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Questions In kathy/Bert book

Archana Annamaneni
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Joined: Jan 29, 2003
Posts: 147
1.On page 134 Q.2 it says given a method in a protected class?
I am thinking there is no protected class,is that a printing mistake or am I missing anything.
2.Q.5 on page 136 according to book, answer is E.I thought it is D.(I thought number 5 is not a valid declaration)
Is a method is considered as valid method declaration even if there are no curly braces(and not abstract)?
3.On page 140 I felt the option B is little ambiguous,I think it should say
The class must contain a method called public void run() from which all code for that thread will be initiated.
Any kind of help will be greatly appreciated.
Archana
Sridhar Srikanthan
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Joined: Jan 08, 2003
Posts: 366
Archana,
Please refer to errata for the book
Sri
Archana Annamaneni
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Joined: Jan 29, 2003
Posts: 147
Thank You Sri.
My 2 and 3 points are not on the errata, could anybody please explain those two.
-Archana
Sridhar Srikanthan
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Joined: Jan 08, 2003
Posts: 366
Archana,
2.Q.5 on page 136 according to book, answer is E.I thought it is D.(I thought number 5 is not a valid declaration)
Is a method is considered as valid method declaration even if there are no curly braces(and not abstract)?

I think
private native void m1(); is a valid declaration.
The point you raised is exactly why this bit is given in the question. I faced a similar question on the exam.
JLS 8.4.3.4
A method that is native is implemented in platform-dependent code, typically written in another programming language such as C, C++, FORTRAN, or assembly language. The body of a native method is given as a semicolon only, indicating that the implementation is omitted, instead of a block.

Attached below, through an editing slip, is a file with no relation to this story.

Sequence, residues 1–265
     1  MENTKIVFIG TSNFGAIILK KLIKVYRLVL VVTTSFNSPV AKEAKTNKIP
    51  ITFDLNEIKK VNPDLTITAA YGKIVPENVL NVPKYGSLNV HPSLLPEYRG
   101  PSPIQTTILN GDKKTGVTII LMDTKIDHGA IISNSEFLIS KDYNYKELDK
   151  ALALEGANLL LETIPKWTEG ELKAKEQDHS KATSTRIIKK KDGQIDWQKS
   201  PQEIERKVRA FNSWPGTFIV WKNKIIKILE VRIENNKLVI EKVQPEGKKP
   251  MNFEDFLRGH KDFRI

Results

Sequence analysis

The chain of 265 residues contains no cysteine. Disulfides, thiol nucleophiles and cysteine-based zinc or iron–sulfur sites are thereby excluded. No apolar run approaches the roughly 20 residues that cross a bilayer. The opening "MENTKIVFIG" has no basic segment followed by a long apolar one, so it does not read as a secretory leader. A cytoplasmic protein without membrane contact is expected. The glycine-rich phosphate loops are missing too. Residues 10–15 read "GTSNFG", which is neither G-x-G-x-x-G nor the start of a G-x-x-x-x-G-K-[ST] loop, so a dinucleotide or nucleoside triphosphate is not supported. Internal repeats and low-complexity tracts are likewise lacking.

JLS 8.4.5
A compile-time error occurs if a method declaration is either abstract or native and has a block for its body. A compile-time error occurs if a method declaration is neither abstract nor native and has a semicolon for its body.

Regarding the 3rd question, i think thats right too.
What is your exact question about the third one?
Hope this helps
Sri
[ February 14, 2003: Message edited by: Sri Sri ]
Archana Annamaneni
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Joined: Jan 29, 2003
Posts: 147
Thank you sri , i really didn't know that native methods end in a semicolon.
My third question is , the option B looks correct but it says a method called run()instead of saying public void run()(The definition looks correct but it didn't specify the correct signature of the method).
So I am confused whether I should choose that as a correct answer or not if it is given in the exam.
I hope I explained my doubt clearly.
Sri I have another question,right now I am preparing kathy/Bert book,do you think i should go through the JLS before I go to exam?
-Archana
Sridhar Srikanthan
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Joined: Jan 08, 2003